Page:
Why We Need Eldercare Advocates

“All of a sudden, my parents are so old.  I don’t know how to help them!”.

I have heard this statement routinely in every position I have held providing support and advocacy to Elders. This sudden awareness of aging causes anguish to adult children, as they become acutely (and often unexpectedly) aware of the aging of their parents, and feel powerless to “help”.  Parents are not supposed to be fragile and needing assistance, parents are our backbone, our foundation, folks we should always be able to turn to.  You know… always there. “Grandparents are old.  My parents are NOT!”

The truth is, our parents age as gradually as we do, but if there is little contact from month to month or year to year, these changes can seem to come on abruptly and unexpectedly.  Indeed, there are critical (“sentinel”) events that rush the aging process – a fall with a fracture, a serious illness – and the consequences can be dire, the recovery long and debilitating. For the most part, though, we each “age”, every day.

Later life aging is divided into three primary categories (with new ones cropping up regularly as our society ages stronger and is living longer). Generally speaking, they are the “young-old”, from 60-75, the “old-old”, from 75-85, and then the “frail elderly”, 85 and above.  We have now added to that the “super centenarians”, those people exceeding 100 years of age. These definitions would be better applied to the progression of aging instead of attaching a year marker to them.  Many seniors remain active well into their 80’s –busy, vibrant, learning, creating, contributing adults in our families and culture.  They may remain “young old” far beyond their mid-70’s.

What we do witness is a progression from activity to a gradual slowing down; appetite and interests change, fatigue becomes more frequent, sleep patterns change.  Senses may become impaired, and with that, enjoyment in conversation or visual stimulation decreases. Mild to moderate joint pain makes mobility and comfort difficult, and the gait may become unsteady enough to require an assistive device (cane or walker).  It may become hard to attend church or social gatherings because it is difficult to see or hear.  Memory may become altered, and additional assistance is required in what are termed the Activities of Daily Living (ADLs).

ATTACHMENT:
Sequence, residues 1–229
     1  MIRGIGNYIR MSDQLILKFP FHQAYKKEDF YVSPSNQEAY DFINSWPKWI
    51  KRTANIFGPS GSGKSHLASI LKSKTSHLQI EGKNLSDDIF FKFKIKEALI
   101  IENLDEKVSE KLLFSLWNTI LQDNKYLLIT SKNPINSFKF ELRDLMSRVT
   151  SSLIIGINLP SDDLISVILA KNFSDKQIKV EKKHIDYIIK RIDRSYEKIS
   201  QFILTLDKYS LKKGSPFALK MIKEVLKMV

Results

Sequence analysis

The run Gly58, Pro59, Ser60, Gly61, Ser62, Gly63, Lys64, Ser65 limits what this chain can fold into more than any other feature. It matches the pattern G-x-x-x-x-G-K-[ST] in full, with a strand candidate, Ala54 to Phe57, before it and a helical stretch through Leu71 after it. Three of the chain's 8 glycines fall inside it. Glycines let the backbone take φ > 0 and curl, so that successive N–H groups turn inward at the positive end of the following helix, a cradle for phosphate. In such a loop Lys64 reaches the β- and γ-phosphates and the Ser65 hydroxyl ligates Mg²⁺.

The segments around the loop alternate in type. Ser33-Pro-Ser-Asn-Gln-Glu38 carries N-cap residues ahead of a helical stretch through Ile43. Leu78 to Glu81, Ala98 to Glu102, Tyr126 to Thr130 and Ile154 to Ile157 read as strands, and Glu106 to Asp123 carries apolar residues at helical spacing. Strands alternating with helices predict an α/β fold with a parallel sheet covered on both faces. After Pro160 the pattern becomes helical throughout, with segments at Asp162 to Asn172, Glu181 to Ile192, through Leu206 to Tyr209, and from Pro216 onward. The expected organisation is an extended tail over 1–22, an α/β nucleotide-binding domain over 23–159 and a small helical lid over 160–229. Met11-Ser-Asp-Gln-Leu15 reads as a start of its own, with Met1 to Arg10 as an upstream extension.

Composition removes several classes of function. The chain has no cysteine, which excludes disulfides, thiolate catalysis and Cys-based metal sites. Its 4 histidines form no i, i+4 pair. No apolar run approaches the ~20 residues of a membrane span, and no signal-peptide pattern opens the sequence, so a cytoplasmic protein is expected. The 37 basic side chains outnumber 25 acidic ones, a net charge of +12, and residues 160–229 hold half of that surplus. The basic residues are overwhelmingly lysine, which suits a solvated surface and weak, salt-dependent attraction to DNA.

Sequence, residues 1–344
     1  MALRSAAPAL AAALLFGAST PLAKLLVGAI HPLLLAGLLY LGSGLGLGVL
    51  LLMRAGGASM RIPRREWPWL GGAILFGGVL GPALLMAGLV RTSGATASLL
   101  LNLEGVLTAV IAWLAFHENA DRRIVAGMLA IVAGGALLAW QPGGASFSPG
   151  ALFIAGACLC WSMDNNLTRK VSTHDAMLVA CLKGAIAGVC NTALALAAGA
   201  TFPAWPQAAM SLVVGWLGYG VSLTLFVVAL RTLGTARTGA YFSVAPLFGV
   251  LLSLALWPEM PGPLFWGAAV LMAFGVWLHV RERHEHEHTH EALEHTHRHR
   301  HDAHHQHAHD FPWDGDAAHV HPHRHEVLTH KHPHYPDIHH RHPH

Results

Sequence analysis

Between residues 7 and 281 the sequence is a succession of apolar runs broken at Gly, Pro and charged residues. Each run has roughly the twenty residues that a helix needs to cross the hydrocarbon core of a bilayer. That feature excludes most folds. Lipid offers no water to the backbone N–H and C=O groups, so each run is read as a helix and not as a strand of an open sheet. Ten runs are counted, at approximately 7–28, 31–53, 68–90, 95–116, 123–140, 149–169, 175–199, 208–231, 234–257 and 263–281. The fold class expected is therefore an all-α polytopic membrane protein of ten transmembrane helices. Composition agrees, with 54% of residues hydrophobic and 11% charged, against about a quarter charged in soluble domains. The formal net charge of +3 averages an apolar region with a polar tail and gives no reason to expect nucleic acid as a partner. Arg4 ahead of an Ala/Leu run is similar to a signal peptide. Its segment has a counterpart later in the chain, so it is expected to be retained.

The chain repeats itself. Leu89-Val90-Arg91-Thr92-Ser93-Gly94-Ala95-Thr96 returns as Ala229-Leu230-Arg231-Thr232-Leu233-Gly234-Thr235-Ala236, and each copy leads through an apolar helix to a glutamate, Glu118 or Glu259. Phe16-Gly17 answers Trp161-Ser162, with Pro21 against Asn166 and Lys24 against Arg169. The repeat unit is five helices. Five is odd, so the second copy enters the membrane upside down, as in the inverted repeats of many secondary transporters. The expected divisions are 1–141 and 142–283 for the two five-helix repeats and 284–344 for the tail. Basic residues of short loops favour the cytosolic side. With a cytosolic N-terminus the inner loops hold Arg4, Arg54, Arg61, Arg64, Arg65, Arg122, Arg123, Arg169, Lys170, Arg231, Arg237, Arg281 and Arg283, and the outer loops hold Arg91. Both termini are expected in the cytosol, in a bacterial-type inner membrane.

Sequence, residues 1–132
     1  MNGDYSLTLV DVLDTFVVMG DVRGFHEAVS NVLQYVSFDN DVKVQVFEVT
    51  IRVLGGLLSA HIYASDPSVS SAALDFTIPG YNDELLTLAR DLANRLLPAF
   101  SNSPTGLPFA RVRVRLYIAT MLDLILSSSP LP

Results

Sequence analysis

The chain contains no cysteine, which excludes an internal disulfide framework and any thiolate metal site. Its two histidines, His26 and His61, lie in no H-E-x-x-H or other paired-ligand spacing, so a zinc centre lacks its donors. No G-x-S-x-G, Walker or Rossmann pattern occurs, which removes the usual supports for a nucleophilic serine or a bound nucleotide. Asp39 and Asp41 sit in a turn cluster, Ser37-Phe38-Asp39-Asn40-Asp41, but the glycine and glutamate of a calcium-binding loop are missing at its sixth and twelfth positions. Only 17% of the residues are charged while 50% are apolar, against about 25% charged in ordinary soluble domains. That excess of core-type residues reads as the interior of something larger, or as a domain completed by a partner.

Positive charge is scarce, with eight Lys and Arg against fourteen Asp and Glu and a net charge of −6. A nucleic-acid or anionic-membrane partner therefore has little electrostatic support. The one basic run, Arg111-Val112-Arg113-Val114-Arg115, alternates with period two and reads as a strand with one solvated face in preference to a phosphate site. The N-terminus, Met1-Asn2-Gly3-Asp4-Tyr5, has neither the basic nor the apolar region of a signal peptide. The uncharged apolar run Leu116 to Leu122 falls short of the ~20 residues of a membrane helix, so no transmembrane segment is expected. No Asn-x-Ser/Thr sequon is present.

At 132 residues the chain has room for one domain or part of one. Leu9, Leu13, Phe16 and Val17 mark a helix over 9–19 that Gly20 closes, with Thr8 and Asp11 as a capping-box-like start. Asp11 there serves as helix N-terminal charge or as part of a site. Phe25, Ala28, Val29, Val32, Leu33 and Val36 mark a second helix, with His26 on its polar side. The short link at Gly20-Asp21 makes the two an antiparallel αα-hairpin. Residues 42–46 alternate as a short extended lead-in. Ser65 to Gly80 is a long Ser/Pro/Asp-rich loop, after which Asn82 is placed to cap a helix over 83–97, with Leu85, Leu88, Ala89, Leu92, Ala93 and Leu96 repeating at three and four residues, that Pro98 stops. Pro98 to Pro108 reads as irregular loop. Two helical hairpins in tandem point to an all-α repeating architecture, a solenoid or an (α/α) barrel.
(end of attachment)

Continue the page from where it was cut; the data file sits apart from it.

When an out of town child comes for a visit, what has been a steady progression for the older adult and those around them suddenly appears as a crisis for the adult child. They may feel obligated to intervene on behalf of parents who seem to be failing before their eyes.  Such situations often result in chaos and upset.  I have known such family to uproot seniors and move them into assisted facilities, believing they were doing what was right and safe, yet having little understanding of the culture in such facilities,  or concerning themselves with the intense sense of loss one endures when they are uprooted from that which is familiar. I would suggest that unless one has a regular, on-going relationship with an aging adult, it is best NOT to jump in and make decisions for an aging family member, but instead to work on building a closer relationship with them, help them assess the need they have for assistance and figure out how to get it to them in their home. I have seen such painful moves imposed on Elders by well meaning – but disconnected – adult child who impose their fear and will on their parents.  We refer to these folks as “blow in, blow up, blow out” family members.  They aren’t really in a close relationship with the Elder, and so come from a place of fear and protection that is not always rightly placed.

As families endure the separation of miles and hours, it is more important than ever before that we make connections in their communities with reliable people to provide support and advocacy, and keep us in the loop, so to speak, as the needs of our aging parents change.

If you would like to be such an Eldercare Advocate,  The Art of Parentcare is now accepting applications for training for September of 2016.  Learn what it is to be a resource for Elders in your family, your church and your community.